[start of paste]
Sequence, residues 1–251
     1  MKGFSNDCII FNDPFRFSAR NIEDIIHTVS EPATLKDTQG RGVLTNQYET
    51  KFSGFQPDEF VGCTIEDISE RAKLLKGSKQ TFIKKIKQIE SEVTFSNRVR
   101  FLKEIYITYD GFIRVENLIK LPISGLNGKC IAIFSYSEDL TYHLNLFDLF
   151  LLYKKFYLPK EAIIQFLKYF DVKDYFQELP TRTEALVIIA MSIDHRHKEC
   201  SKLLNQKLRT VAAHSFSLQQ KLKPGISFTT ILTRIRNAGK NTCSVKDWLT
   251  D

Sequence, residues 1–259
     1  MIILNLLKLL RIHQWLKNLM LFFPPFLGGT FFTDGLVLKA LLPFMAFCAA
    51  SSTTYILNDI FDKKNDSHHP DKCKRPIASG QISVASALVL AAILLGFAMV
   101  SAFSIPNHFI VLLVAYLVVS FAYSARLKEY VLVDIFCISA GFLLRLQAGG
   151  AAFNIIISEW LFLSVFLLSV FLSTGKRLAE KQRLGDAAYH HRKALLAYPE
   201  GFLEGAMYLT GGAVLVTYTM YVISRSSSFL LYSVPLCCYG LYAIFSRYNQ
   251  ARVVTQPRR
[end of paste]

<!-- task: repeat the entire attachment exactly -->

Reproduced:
Sequence, residues 1–251
     1  MKGFSNDCII FNDPFRFSAR NIEDIIHTVS EPATLKDTQG RGVLTNQYET
    51  KFSGFQPDEF VGCTIEDISE RAKLLKGSKQ TFIKKIKQIE SEVTFSNRVR
   101  FLKEIYITYD GFIRVENLIK LPISGLNGKC IAIFSYSEDL TYHLNLFDLF
   151  LLYKKFYLPK EAIIQFLKYF DVKDYFQELP TRTEALVIIA MSIDHRHKEC
   201  SKLLNQKLRT VAAHSFSLQQ KLKPGISFTT ILTRIRNAGK NTCSVKDWLT
   251  D

Sequence, residues 1–259
     1  MIILNLLKLL RIHQWLKNLM LFFPPFLGGT FFTDGLVLKA LLPFMAFCAA
    51  SSTTYILNDI FDKKNDSHHP DKCKRPIASG QISVASALVL AAILLGFAMV
   101  SAFSIPNHFI VLLVAYLVVS FAYSARLKEY VLVDIFCISA GFLLRLQAGG
   151  AAFNIIISEW LFLSVFLLSV FLSTGKRLAE KQRLGDAAYH HRKALLAYPE
   201  GFLEGAMYLT GGAVLVTYTM YVISRSSSFL LYSVPLCCYG LYAIFSRYNQ
   251  ARVVTQPRR